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. Last Updated: 07/27/2016

Euro Radiates Greenback's Glow

FRANKFURT, Germany -- Its leaders are divided and its economies are distressed, but Europe stands tall in one respect. The euro, its toddler currency, is growing into a cheeky rival to the dollar, one of the most visible symbols of the United States' power in the world.

After a hapless debut in January 1999, marked by a long, stomach-churning slide in its value, the euro has made up virtually all the ground it lost against the dollar. It now trades at an exchange rate of about $1.15 per euro, only 3 cents shy of its value on the first day of trading.

More important, the euro has gained stature as a safe haven for investors and governments.

The dollar remains the world's default currency -- the lingua franca of oil traders and bond dealers, and the bedrock of foreign reserves held by central banks from Brussels to Baghdad. But the euro is gaining ground, both as an attractive currency in which to issue bonds and as an alternative to the dollar for national foreign exchange reserves, notably in southeast Asian countries with predominantly Muslim populations.

With the United States piling up vast deficits, economists say the euro has a chance to consolidate its gains. "U.S. federal finances are coming under increased strain," said Niall Ferguson, a senior research fellow at Oxford. "Money that had been invested in dollar-denominated assets is shifting to euro assets. For the euro to become a little brother to the dollar seems perfectly plausible."

Such a role would vindicate the guardians of the euro, who watch over it from the European Central Bank's glass-and-steel tower in Frankfurt. They have always had grand ambitions for the currency, viewing it as an alternative to the dollar and an instrument to drive Europe's integration.

Yet an almighty euro carries risks for champions of a united Europe. It could supply fresh ammunition to opponents of the monetary union in Britain, Sweden and prospective members. It could also open fissures between existing members that depend on exports and stand to suffer from a currency that rises too far, too fast. Last week, three euro countries -- Germany, Italy and the Netherlands -- reported that they were on the brink of recession.

"If it goes much beyond $1.25, we've got a problem," said Daniel Gros, director of the Center for European Policy Studies, a research group in Brussels.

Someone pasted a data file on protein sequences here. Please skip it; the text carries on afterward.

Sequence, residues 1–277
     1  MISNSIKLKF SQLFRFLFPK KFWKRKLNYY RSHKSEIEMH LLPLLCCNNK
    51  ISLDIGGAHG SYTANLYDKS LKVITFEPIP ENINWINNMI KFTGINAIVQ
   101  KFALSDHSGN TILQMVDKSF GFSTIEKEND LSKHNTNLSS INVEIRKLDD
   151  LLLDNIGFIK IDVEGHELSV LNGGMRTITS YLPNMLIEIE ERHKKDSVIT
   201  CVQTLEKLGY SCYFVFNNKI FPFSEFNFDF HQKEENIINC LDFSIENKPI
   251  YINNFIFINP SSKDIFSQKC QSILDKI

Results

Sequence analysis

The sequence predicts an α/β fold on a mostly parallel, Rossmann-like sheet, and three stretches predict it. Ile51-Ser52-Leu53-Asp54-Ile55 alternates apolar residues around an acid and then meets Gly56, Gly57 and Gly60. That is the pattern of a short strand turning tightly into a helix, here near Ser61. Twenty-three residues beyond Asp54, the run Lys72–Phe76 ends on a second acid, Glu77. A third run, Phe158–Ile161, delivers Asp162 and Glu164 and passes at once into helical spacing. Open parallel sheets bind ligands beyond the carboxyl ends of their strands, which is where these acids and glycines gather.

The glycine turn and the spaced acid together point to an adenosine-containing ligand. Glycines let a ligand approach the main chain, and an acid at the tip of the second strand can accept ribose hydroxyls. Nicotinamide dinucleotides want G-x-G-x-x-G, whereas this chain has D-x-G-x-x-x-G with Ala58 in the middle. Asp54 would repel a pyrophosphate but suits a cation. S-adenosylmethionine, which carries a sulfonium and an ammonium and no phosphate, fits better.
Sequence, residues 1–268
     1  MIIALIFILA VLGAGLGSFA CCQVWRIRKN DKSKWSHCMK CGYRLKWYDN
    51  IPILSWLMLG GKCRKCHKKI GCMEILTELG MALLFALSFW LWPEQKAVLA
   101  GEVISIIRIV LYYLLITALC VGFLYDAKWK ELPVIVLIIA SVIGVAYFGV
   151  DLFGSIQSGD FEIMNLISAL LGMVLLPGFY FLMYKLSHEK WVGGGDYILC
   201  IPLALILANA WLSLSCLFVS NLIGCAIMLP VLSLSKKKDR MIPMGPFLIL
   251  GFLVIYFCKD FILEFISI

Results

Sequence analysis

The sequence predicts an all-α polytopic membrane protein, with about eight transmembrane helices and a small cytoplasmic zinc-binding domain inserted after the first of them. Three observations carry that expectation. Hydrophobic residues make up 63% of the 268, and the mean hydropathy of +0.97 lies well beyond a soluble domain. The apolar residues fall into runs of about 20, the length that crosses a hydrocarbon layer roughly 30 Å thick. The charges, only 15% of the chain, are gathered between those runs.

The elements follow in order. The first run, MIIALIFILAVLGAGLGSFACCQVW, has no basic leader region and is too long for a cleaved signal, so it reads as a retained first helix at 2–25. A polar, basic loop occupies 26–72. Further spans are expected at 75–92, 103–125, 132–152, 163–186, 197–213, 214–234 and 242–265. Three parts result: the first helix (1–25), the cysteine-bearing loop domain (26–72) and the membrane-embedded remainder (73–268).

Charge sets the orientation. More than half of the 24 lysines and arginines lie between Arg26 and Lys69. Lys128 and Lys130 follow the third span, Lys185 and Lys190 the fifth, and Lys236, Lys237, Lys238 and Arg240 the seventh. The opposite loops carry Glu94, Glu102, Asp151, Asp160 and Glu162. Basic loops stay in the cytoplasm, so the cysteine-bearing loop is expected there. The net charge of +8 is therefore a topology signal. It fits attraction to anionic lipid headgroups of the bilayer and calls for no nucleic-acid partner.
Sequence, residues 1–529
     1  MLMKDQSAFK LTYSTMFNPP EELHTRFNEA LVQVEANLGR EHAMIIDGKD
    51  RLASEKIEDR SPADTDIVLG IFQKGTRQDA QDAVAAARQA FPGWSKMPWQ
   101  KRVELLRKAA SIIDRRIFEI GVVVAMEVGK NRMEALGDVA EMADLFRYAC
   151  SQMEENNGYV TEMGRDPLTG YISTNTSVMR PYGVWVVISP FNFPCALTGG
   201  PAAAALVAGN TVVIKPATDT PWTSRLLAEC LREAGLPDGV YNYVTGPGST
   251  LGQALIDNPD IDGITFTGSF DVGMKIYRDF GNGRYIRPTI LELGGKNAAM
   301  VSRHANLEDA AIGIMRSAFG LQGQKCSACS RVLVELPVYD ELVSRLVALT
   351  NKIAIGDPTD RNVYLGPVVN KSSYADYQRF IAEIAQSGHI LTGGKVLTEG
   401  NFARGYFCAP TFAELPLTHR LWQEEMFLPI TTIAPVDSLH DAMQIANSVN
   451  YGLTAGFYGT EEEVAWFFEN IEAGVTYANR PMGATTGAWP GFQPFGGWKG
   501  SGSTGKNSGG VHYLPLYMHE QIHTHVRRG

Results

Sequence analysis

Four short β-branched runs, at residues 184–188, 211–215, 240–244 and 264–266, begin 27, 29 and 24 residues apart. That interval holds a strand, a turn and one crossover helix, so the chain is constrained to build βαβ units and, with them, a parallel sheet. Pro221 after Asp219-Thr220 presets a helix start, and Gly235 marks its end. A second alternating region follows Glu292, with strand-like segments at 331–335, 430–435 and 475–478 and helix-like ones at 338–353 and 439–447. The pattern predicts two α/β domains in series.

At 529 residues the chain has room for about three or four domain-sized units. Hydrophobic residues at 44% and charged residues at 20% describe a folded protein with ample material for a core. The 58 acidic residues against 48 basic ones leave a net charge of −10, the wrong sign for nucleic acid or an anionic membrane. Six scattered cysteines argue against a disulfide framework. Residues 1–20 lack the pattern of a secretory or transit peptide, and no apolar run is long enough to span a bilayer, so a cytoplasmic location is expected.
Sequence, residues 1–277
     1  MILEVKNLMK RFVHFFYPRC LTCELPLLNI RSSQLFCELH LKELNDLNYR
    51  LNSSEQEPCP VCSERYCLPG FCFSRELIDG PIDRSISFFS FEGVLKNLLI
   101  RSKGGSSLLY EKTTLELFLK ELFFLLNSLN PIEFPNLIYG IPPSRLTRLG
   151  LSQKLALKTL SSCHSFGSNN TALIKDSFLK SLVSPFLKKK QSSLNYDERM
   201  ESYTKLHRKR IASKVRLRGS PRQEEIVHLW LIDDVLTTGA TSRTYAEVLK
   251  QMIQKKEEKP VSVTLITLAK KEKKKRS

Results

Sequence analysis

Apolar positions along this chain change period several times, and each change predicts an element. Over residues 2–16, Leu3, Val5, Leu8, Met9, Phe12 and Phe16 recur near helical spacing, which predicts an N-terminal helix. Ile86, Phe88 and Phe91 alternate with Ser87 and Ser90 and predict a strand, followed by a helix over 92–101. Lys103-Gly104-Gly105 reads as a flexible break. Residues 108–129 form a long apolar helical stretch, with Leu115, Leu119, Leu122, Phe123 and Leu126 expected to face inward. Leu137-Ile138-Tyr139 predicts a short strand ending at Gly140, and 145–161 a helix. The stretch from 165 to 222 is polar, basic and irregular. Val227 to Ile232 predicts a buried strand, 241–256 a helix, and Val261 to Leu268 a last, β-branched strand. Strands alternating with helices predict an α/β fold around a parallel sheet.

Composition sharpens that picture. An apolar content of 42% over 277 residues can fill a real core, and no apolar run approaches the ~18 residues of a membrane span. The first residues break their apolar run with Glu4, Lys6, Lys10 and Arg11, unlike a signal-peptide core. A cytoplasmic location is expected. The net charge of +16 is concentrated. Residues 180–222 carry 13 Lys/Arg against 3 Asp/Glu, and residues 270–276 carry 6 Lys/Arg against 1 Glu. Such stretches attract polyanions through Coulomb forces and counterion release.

The introduction of euro notes and coins here last year was striking for how smooth the process seemed. After a noisy buildup, the Deutsche mark, the French franc and the Italian lira faded into history like quaint relics. In the financial markets, where the euro had traded as a virtual currency since 1999, the transition was equally seamless, with investors showing prompt acceptance of the new currency.

The shift toward euros is most pronounced in the global bond market. From 1995 to 1999, according to Ferguson's research, 53 percent of all corporate bonds were issued in dollars, and only 20 percent in the currencies of the 12 European countries that now use the euro.

In the four years since the common currency began trading, however, 44 percent of new global bonds have been issued in euros, nearly equaling the 48 percent issued in dollars. There is also anecdotal evidence that central banks, especially in some Asian countries, are beginning to diversify their reserves, to reduce dependence on the dollar. Bank Indonesia, the nation's central bank, has increased its holdings of euros, currency traders said.

"We are strongly tied to the dollar," Rizal Ramli, the former finance minister of Indonesia, said in an interview. "But with the dollar's decline, it is wise for Indonesia to diversify its reserves into euros."

In Malaysia, Prime Minister Mahathir Mohamad recently suggested that the state oil company, Petronas, switch to euros from dollars for its oil trading. His rationale, he said, was purely economic. "The U.S. dollar has depreciated by 25 percent," he said in opening a new Petronas natural gas plant. "In other words, we are earning 25 percent less."

Ramli played down the politics, noting the yield on euro-denominated assets is better than on dollars. If that were to change, he said, even Muslim countries would quickly switch back.